Jury Holds Tobacco Company Accountable For Smoker's Diseases

Julie Reese began smoking cigarettes in 1939, at age 10. She soon became addicted to nicotine, and by age 16, she was smoking about one pack per day. In 1994, at age 65, Reese was diagnosed with Stage II squamous cell carcinoma of the larynx. She underwent radiation treatment but faces the possibility of a recurrence. In 2003, at 74, Reese was diagnosed with chronic obstructive pulmonary disease (COPD), which has become severe. Her prognosis is poor.

Reese sued R.J. Reynolds Tobacco Co., which manufactured the brands she smoked, alleging that the company sold a defective and unreasonably dangerous product, failed to warn of the health risks and addictiveness of its cigarettes, and intentionally concealed and conspired to conceal the health risks from the public.

The defendant argued, among other things, that Reese did not seriously attempt to quit and continued to smoke even after warnings began appearing on cigarettes packs in the 1960s. The defense also argued that Reese’s throat cancer could have resulted from the human papilloma virus and/or alcohol use, and that her COPD might have been caused by asthma.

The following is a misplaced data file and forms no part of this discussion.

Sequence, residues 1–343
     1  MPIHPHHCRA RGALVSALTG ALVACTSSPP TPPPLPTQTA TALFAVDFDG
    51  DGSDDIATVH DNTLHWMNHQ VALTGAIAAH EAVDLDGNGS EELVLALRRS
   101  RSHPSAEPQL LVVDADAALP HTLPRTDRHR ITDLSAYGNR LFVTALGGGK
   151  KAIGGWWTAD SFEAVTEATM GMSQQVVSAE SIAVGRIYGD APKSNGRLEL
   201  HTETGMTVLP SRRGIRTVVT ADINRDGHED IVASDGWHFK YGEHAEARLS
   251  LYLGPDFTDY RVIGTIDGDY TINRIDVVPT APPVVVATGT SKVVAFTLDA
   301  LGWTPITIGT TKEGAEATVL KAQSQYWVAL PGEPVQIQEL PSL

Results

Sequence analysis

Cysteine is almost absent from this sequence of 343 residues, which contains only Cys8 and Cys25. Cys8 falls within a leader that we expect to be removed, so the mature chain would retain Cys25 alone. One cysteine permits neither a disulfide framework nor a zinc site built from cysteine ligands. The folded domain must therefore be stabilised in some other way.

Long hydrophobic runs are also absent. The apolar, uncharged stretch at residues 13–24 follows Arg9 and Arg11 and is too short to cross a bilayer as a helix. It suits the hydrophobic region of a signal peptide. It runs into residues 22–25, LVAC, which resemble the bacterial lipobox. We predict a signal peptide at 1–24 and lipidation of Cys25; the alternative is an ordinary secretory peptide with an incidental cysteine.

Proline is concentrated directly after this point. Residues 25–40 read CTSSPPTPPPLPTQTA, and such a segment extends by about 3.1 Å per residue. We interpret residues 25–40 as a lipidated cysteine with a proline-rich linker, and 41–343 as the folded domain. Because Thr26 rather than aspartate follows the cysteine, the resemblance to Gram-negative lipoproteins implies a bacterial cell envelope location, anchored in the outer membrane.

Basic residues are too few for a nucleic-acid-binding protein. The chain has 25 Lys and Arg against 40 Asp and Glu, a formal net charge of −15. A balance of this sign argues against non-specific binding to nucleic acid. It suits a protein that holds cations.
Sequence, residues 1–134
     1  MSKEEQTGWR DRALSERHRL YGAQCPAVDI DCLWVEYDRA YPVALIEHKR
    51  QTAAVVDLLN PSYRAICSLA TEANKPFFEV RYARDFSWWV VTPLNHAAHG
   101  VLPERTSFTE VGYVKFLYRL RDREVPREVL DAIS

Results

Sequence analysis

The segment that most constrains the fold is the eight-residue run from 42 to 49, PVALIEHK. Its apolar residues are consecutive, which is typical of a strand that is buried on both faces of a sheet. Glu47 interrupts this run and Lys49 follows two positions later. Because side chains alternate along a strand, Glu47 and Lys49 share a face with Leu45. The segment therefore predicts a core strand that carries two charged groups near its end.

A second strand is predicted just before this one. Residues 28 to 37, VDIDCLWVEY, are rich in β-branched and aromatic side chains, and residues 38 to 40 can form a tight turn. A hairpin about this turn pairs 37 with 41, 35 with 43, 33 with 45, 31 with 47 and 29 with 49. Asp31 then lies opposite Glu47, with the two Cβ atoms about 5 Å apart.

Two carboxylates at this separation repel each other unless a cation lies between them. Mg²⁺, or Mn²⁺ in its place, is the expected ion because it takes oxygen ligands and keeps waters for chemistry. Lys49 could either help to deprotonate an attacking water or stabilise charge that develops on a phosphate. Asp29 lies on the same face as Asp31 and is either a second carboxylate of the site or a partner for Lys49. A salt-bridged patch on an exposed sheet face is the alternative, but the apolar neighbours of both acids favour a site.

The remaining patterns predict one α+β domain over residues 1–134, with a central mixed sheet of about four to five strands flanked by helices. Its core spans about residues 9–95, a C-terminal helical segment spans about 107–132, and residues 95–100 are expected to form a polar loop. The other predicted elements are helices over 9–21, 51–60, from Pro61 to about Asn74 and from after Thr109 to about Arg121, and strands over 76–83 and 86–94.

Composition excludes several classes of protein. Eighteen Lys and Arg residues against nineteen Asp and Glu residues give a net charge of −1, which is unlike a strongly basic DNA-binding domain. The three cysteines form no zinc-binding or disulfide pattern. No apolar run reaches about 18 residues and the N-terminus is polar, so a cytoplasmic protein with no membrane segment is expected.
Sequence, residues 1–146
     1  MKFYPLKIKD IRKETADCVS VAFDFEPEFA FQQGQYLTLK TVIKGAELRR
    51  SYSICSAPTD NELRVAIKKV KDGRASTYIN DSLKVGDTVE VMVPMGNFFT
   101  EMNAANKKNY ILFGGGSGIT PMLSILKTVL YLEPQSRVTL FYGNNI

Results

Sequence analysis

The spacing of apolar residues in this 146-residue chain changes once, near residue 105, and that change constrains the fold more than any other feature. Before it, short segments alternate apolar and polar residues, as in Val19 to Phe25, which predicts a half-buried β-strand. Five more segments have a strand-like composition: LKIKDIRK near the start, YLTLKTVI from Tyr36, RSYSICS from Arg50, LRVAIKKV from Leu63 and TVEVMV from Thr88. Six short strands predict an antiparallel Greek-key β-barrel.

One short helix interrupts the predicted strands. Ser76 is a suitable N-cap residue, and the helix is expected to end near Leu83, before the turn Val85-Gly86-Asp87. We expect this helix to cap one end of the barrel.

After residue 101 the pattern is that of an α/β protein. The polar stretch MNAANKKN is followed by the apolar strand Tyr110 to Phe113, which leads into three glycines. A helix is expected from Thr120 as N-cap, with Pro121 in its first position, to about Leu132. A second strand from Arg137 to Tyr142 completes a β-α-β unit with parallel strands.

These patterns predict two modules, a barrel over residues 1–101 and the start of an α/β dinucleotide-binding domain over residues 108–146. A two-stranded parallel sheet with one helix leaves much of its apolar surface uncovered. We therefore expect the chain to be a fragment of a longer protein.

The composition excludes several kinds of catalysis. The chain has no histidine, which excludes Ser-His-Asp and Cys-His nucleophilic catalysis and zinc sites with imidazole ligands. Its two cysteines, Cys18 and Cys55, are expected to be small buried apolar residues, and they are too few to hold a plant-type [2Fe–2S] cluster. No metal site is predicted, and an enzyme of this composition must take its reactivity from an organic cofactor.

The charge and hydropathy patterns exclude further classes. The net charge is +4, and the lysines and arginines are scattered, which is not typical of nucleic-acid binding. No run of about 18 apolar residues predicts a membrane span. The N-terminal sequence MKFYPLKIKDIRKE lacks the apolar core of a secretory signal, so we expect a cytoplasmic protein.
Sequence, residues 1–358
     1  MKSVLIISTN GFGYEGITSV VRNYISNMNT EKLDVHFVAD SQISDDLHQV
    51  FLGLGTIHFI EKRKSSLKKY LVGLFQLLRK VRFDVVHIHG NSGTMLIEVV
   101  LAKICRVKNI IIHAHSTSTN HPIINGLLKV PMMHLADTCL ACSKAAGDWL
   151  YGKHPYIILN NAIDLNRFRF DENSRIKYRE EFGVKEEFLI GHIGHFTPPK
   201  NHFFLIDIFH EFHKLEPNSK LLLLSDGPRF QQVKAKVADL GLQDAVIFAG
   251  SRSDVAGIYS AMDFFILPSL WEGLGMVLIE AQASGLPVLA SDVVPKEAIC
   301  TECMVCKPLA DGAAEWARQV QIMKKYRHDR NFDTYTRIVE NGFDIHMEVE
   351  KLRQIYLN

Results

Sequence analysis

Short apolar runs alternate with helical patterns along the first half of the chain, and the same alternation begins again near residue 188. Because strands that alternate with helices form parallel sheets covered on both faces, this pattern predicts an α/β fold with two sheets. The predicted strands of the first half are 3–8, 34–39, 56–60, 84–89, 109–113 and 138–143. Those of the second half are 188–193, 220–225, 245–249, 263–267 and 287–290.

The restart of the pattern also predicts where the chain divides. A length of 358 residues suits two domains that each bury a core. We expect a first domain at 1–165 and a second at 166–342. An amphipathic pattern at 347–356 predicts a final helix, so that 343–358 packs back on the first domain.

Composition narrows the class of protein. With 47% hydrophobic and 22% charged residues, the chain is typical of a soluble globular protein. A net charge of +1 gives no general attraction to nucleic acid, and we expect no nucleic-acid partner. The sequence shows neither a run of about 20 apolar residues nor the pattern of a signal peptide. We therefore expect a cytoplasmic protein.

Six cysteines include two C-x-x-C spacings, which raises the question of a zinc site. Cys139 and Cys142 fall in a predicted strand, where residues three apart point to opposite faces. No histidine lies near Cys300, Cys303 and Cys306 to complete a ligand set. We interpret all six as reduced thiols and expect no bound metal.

The jury determined that the plaintiff was entitled to rely on the findings in Engle v. R.J. Reynolds Tobacco Co., 18 PLLR 138 (Aug. 1999). Although the Engle class was later decertified, the Florida Supreme court ruled that the findings on general causation, cigarettes’ addictiveness, strict liability, and certain other findings would have res judicata effect in individual lawsuits. Engle v. Liggett Group, Inc., 945 So. 2d 1246 (Fla. 2006), 25 PLLR 149 (Aug. 2006).Thus, the trial court here instructed the jury on the Engle findings.

The jury found that Reese was addicted to the nicotine in the defendant’s cigarettes; that her addiction had caused her smoking-related illnesses; and that the defendant’s negligence, defective and unreasonably dangerous product, concealment of the health risks, and conspiracy to conceal were legal causes of her injuries. It apportioned responsibility at 70 percent to Reese and 30 percent to R.J. Reynolds. The jury then awarded about $3.55 million in compensatory damages. After allocation of fault, the award totals just under $1.07 million.

The trial court has denied the defendant’s motions for a new trial or remittitur, and it has filed an appeal.

Citation: Reese v. R.J. Reynolds Tobacco Co., No. 2007-030296-CA-24 (Fla., Miami-Dade Co. Cir. posttrial motions denied Sept. 8, 2011.)

Plaintiff counsel: Jeffrey H. Sloman and Allan B. Kaiser, both of Miami.

Plaintiff expert: Robert Proctor, tobacco industry history, Palo Alto, California.

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